Several vulnerabilities, including ones rated critical and high severity, have been patched in industrial ethernet switches made by Phoenix Contact, a Germany-based company that specializes in industrial automation, connectivity and interface solutions.
The vulnerabilities, described in advisories published recently by ICS-CERT and its German counterpart [email protected], can be exploited remotely to cause a denial-of-service (DoS) condition, execute arbitrary code, and gain access to potentially sensitive information.
The security holes, discovered by researchers at Positive Technologies, impact Phoenix Contact FL SWITCH 3xxx, 4xxx, 48xx series devices running firmware versions 1.0 through 1.33. The flaws have been patched by the vendor with the release of version 1.34.
The most serious of the vulnerabilities, based on its CVSS score of 9.1, is CVE-2018-10730, which allows an attacker who has permission to transfer configuration files to/from the switch or permission to upgrade the firmware to execute arbitrary OS shell commands.
“CGI applications config_transfer.cgi and software_update.cgi are prone to OS command injection through targeted manipulation of their web-request headers,” [email protected] said in an advisory. “If the vulnerability is exploited, the attacker may create their own executable files that could further exploit the integrity of the managed FL SWITCH. For example, the attacker may deny switch network access.”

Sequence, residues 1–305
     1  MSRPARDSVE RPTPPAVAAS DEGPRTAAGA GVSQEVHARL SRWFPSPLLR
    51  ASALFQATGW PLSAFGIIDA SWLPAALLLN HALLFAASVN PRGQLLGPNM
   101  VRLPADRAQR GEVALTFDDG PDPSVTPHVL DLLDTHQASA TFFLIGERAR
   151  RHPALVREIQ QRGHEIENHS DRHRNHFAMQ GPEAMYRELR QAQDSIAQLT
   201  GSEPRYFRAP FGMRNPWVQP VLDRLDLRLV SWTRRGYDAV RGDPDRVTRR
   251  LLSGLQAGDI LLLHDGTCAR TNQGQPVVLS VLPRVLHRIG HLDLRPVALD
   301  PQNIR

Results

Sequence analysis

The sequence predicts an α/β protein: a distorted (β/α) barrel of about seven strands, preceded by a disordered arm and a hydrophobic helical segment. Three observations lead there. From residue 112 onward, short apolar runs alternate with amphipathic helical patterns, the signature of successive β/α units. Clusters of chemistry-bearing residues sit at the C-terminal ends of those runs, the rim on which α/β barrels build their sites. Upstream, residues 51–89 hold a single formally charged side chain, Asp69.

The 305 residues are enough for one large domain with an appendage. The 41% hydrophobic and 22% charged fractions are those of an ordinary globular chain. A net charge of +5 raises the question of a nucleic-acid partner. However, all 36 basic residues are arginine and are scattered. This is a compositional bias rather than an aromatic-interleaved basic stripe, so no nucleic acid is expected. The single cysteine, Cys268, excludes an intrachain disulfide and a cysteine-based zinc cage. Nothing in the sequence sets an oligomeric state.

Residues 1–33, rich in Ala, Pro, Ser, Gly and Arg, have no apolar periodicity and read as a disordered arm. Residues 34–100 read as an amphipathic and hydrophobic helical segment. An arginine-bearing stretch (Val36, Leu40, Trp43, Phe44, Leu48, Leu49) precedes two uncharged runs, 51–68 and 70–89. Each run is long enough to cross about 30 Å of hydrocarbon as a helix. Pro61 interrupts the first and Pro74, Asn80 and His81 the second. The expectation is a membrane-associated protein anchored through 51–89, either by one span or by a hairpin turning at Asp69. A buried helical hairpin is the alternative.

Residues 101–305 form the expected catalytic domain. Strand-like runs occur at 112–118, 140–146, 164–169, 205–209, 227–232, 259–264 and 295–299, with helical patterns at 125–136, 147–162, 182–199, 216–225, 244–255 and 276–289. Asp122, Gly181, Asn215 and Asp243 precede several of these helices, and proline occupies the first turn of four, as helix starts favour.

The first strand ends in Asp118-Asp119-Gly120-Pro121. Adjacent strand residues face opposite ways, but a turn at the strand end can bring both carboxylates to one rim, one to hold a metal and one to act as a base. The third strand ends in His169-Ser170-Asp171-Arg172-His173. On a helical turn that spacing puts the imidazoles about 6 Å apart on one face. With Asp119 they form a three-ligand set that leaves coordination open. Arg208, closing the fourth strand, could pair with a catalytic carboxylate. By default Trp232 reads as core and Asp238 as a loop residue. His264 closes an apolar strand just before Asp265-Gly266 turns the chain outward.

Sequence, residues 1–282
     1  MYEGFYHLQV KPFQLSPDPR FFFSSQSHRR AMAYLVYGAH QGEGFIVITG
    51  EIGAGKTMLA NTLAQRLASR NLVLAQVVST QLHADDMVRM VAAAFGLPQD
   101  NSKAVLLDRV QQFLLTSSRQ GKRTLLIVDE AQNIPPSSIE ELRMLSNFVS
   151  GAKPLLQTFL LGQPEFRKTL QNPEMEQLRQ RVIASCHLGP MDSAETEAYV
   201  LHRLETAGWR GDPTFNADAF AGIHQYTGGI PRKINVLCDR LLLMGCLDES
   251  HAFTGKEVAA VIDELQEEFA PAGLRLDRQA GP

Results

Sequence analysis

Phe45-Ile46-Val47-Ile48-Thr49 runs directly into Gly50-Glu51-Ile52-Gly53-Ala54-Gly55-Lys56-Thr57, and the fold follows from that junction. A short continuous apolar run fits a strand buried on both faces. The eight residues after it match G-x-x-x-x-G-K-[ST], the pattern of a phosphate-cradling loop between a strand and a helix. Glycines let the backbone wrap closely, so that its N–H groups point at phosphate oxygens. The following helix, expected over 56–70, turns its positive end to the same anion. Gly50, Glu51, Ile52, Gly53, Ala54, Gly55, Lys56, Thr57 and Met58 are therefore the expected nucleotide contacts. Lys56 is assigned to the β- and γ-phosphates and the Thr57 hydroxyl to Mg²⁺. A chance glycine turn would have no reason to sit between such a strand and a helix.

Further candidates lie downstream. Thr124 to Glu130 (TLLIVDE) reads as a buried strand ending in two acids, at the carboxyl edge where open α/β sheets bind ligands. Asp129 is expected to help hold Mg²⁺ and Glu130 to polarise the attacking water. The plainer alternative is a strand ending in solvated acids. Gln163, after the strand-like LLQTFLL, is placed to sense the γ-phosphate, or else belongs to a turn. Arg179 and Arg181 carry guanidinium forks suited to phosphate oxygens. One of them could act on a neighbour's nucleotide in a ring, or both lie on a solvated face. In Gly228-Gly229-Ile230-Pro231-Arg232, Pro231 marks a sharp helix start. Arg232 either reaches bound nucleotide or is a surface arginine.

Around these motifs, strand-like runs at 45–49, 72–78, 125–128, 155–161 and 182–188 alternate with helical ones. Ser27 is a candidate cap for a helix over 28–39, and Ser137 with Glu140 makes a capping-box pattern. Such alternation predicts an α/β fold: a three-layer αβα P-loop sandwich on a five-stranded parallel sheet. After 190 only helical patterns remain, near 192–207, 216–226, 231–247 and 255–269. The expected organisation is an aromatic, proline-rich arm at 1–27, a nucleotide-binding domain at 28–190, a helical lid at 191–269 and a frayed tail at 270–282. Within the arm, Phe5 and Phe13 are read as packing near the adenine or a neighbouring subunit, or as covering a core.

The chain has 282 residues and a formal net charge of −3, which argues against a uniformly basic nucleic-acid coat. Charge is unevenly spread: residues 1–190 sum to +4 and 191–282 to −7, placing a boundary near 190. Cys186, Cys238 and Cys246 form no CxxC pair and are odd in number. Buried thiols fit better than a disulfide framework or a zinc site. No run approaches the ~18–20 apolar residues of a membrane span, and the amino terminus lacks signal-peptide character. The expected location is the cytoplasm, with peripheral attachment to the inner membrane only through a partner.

The second most serious issue, with a CVSS score of 9.0, is CVE-2018-10731. This flaw, caused by a stack-based buffer overflow, can be exploited to gain unauthorized access to the device’s OS files and inject executable code.
Another stack-based buffer overflow affecting FL SWITCH products is CVE-2018-10728, which can be exploited for DoS attacks and executing arbitrary code. An attacker can leverage this flaw to disable Web and Telnet services, [email protected] warned.
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The last vulnerability patched by Phoenix Contact in its industrial switches is a medium severity weakness that allows an unauthenticated attacker to read the content of a device’s configuration file.
This is not the first time researchers from Positive Technologies have found vulnerabilities in switches from Phoenix Contact. In January, ICS-CERT and [email protected] disclosed flaws that could have been exploited to gain full control of affected devices and possibly interrupt operations in the ICS network.
Researchers said at the time that they had not found any of these switches connected directly to the Internet and noted that these devices are typically used for internal PLC networks.
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